North Korea Is the Most Predictable Regime on Earth. The Real Threat Is the Erratic U.S. Government.

The Intercept
September 26, 2017

The nuclear shouting between President Donald Trump and North Korean leader Kim Jong-un often seems like a maddening version of whack-a-crazy-mole, in which an unhinged comment by one of them is hastily followed by a lunatic retort from the other. Trump calls Kim “rocket man,” Kim calls Trump a “dotard,” Trump tweets that Kim “won’t be around much longer,” and on and on it goes.

This raises a serious question: Which of these awesomely flawed men is the most volatile and dangerous? The trail to an answer begins with an article that Evan Osnos wrote for the New Yorker about his recent journey to totalitarian North Korea. His “Letter from Pyongyang” reached 14,000 words and was praised as a marvel of reporting that revealed the stark yet impenetrable contours of the world’s most famous nuclear-armed nightmare.

Osnos described how he was met at the Pyongyang airport by a polite government minder who never left his side. He stayed at a special hotel for foreigners that was isolated from the general population. He visited a school where the students made statements that were programmatic. He was taken into Pyongyang’s subway and told that its deep tunnels would be fallout shelters in the event of nuclear war with America. He was not allowed to make a spontaneous visit to anyone’s home.

I was struck by these things because I had the exact same experiences when I made a trip to North Korea — in 1989. Same type of minder, hotel, and school, same prohibition on popping into anyone’s apartment, even the same remark from my minder that the subway would double as a fallout shelter if America attacked. Osnos and I were taken to the demilitarized zone between the Koreas, and we made the same futile requests to interview the country’s supreme leader. We even reached the same conclusion that a nearly occult haze made it hard to know what was really going on in the country.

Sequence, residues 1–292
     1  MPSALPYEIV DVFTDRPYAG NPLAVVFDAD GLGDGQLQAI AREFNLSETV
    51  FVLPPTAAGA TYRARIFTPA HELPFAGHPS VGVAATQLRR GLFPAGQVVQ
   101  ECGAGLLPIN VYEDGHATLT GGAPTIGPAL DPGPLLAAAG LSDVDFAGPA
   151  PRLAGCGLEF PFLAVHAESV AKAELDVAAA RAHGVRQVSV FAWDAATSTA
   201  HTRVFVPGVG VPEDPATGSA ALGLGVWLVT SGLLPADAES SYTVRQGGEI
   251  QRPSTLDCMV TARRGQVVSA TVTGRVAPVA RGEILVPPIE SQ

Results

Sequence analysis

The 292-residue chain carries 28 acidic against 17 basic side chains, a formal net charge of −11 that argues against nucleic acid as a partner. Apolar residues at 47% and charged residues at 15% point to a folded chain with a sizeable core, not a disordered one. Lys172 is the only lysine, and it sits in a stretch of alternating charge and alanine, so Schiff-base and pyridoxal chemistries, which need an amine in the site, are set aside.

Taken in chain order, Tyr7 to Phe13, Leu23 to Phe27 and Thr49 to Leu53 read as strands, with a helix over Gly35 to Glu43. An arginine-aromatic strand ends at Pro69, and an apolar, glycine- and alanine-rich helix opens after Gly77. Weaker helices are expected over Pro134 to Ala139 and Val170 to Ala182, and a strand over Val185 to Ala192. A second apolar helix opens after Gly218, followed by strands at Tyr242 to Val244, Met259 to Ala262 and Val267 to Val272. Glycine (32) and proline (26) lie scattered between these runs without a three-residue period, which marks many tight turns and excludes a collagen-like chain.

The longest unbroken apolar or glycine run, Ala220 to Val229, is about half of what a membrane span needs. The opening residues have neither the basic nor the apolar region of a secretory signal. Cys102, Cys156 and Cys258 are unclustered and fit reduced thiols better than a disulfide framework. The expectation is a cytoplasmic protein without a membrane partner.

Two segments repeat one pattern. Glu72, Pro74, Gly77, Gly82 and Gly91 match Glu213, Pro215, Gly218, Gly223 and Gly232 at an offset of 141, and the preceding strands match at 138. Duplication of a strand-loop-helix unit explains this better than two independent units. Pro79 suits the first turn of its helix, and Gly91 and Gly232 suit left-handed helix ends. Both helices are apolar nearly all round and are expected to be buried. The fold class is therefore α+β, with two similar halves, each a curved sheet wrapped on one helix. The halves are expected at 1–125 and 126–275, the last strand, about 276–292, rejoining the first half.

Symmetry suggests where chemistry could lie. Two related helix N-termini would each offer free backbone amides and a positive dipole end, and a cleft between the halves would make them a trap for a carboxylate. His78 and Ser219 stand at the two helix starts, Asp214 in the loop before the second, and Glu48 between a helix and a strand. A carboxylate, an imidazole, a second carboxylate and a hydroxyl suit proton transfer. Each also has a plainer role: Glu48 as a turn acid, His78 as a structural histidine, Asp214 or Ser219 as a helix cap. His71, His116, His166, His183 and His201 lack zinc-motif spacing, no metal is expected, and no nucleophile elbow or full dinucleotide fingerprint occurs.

I was based in South Korea for the Washington Post in the late 1980s and got lucky when I applied for a North Korean visa. The headline for a front-page story I wrote from there 28 years ago could have worked for Osnos’s article: “North Korea Maintains Orwellian System.” I do not mean to criticize anyone’s reporting – there is little room for narrative imagination when you are fed the same gruel that everyone else has been fed for a half century.

Indeed, if you are a regular reader of Western reporting from North Korea, you notice a pattern that is so unerring it nearly screams at you. For an excruciatingly long stretch of time, the North Korean regime has been saying the same thing (sometimes crazy-sounding) and acting the same way (sometimes firing missiles or detonating nuclear devices) and generally doing a bang-up job of going to the brink but never over it. North Korea has had just three leaders in its entire existence: Kim Il-sung, then his son, Kim Jong-il, then his son, Kim Jong-un. It’s crucial to understand that rather than being a wild card, North Korea is perhaps the most predictable regime in the world; they are not the X-factor in today’s unnerving game.